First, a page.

Coffee Siphon: A Journey Through Cinema

05/11/2017

While my next review takes its time percolating, I thought I’d offer a rare picture-essay, a nod to the fuel that (ordinarily) pushes my writing forward:

syphon10

The coffee siphon (also known as the vacuum coffee pot) makes brief, innocuous appearances now and again in films. Its design has changed little since the 1830s, when it was first patented in Germany. And indeed, the glass bell and bulb suspended by a retort stand over a flame suggest both ornamental and scientific Victoriana, its utilization a delicate and ritualistic art, like alchemy or a seance. Its subtle presence as a status symbol persists through rare sightings in Western cinema.

Here it is, in the lower-left corner of the frame, in William Dieterle’s The Turning Point (1952), served up to William Holden by Alexis Smith.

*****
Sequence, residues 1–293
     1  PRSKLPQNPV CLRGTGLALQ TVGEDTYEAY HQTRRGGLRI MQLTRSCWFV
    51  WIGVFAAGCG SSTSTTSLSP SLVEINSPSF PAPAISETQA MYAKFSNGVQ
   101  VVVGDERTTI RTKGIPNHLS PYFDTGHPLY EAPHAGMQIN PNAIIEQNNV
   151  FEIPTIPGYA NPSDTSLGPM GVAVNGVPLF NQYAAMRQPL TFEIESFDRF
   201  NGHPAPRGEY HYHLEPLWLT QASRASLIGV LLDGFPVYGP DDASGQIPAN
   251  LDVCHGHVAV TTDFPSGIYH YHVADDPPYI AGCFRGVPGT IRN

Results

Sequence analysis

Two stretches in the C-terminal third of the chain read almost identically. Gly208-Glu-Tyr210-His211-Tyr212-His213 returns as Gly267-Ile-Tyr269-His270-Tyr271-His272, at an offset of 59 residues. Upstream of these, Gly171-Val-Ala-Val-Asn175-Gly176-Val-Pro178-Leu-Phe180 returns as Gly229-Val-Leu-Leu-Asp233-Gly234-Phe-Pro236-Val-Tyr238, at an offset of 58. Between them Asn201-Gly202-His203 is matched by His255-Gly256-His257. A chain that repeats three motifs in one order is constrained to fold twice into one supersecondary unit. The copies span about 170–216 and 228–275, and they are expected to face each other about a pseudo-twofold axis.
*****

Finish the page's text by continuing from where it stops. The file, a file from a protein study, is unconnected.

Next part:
Still from 'The Turning Point'

And in One, Two, Three (1961), James Cagney’s East German secretary prepares the siphon for him.

Still from 'One Two Three'

So far, it’s used by loyal women for pampered men. In the British film The Secret People (1952), it can be seen among the dessert spread at an exclusive outdoor restaurant…

Still from 'The Secret People'

…shortly before the table is blown up by a terrorist bomb.

Still from 'The Secret People'

Of course, the rich people have already vacated their table when it happens, so the only victim is the hapless maid. The siphon looks strangely undisturbed, possibly incriminating itself.

In Japan, it seems less an accessory of the wealthy and more a regular household appliance. Notice Yoshigo Kuga preparing coffee for young Kiyoshi in Gosho’s Yellow Crow (1957).

Still from 'Yellow Crow'

And finally, here it is in an unassuming Japanese kitassen in Hiroshi Teshigahara’s The Man Without a Map (1971).

Still from 'The Man Without a Map'

Is the coffee siphon a bauble for pretension or a modestly ingenious device? Like the little kitassen in the film, it has its hidden significance.

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